Fritz took testosterone throughout his transition and said it wasn’t an overnight process.
“You’re going through that awkward puberty stage where you’re a little bit depressed,” Fritz said. “Some trans people have dysphoria, and that just makes it worse.”
Dany J, 30 years old, is a queer trans man and has identified himself as such since 2015, when he came out to his mother.
It came out publicly last year and has started changing the way it looks.
“Here I am at 30, I find myself again,” Dani said.
“The most difficult part of the transition process might be dealing with a whole new list of changes to come, not only in the physical sense but also in the emotional sense,” Dani said.
Being black and trans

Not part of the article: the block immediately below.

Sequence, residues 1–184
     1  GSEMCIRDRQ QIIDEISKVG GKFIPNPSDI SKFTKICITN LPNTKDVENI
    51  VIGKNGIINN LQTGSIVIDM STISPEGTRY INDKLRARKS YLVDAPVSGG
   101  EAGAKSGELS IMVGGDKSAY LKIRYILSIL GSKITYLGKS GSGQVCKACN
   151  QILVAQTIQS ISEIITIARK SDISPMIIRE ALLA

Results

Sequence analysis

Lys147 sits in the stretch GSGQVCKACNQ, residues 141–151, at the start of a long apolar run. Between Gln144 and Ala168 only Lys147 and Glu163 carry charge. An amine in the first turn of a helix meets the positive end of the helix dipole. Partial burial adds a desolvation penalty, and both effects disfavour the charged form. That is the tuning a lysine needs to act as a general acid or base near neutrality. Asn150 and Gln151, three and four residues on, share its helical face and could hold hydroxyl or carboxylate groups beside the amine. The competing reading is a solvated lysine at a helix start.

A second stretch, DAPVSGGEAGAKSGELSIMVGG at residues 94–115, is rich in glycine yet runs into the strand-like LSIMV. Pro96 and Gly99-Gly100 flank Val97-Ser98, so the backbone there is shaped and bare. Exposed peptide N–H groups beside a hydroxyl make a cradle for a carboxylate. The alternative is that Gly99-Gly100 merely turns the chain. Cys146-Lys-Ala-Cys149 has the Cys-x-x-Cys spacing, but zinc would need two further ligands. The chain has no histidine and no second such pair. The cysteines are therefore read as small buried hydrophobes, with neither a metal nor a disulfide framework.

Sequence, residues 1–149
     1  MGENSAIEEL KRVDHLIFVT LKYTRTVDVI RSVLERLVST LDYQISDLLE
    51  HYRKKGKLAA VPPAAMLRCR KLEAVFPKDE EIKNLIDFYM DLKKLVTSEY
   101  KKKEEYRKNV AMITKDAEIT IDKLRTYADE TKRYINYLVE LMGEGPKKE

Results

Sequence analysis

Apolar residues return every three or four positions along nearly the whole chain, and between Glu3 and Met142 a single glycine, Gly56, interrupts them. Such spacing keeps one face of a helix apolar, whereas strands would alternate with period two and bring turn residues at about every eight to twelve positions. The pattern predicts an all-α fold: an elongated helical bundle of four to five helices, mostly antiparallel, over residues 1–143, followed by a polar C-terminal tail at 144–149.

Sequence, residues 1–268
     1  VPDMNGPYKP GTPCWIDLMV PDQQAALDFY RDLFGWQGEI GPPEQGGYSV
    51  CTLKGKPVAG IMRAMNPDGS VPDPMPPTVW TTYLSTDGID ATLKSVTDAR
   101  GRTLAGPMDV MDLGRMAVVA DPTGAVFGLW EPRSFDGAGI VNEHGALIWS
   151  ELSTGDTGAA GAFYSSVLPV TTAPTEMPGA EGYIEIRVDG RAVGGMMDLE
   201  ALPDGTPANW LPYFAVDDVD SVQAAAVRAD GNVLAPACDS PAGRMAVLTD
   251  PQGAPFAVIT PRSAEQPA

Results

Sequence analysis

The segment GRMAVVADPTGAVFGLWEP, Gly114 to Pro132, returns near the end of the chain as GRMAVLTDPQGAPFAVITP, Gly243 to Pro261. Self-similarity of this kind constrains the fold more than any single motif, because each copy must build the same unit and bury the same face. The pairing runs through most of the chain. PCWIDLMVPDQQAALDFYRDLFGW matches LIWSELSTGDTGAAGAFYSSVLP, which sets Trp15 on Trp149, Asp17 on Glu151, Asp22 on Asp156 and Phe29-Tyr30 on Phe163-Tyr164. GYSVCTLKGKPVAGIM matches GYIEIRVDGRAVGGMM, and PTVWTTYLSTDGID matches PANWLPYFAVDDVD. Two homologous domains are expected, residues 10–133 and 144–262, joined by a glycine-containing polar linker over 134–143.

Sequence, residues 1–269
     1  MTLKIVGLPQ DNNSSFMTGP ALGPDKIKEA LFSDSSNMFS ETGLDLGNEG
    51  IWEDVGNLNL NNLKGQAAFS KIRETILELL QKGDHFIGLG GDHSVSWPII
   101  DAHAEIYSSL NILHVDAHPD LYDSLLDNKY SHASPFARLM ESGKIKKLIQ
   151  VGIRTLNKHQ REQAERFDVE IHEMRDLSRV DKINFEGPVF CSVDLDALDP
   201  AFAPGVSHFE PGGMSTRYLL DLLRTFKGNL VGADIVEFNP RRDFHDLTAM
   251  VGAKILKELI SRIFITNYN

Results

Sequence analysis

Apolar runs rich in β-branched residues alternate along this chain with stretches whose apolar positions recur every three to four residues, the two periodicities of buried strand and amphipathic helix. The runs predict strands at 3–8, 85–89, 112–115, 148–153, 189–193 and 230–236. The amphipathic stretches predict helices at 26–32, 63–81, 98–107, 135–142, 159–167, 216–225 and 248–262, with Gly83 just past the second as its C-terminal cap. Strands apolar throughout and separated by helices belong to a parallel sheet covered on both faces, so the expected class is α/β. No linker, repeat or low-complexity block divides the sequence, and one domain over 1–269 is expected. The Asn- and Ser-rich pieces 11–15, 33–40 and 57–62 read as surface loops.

This year, the pride flag has a black and brown stripe to represent people of color and their contribution to the LGBTQIA + community.
“The reason we have a pride flag, and pride to begin with, is because of people like Marsha P. Johnson who was a black trans woman who started the Stonewall riots because they wouldn’t allow it. not to walk into a bar, ”Pearce mentioned. “I think America, in general, is built on the backs of people of color without any reconciliation.”
The Stonewall Riots were a series of protests in 1969 that ran from June 28 to July 3, sparked by raids on gay bars in New York City.
“With all the laws going against us as non-heterosexual people, it has been life for hundreds of years for all people of color in this country,” Irwin said.
“We all watched George Floyd strangled on television in front of us,” Sumner said. “When you marginalize a person or a group of people, we are all a little diminished.”
Dani told Clarksville Now that he got to experience two worlds, previously as a black woman and now as a black man in America.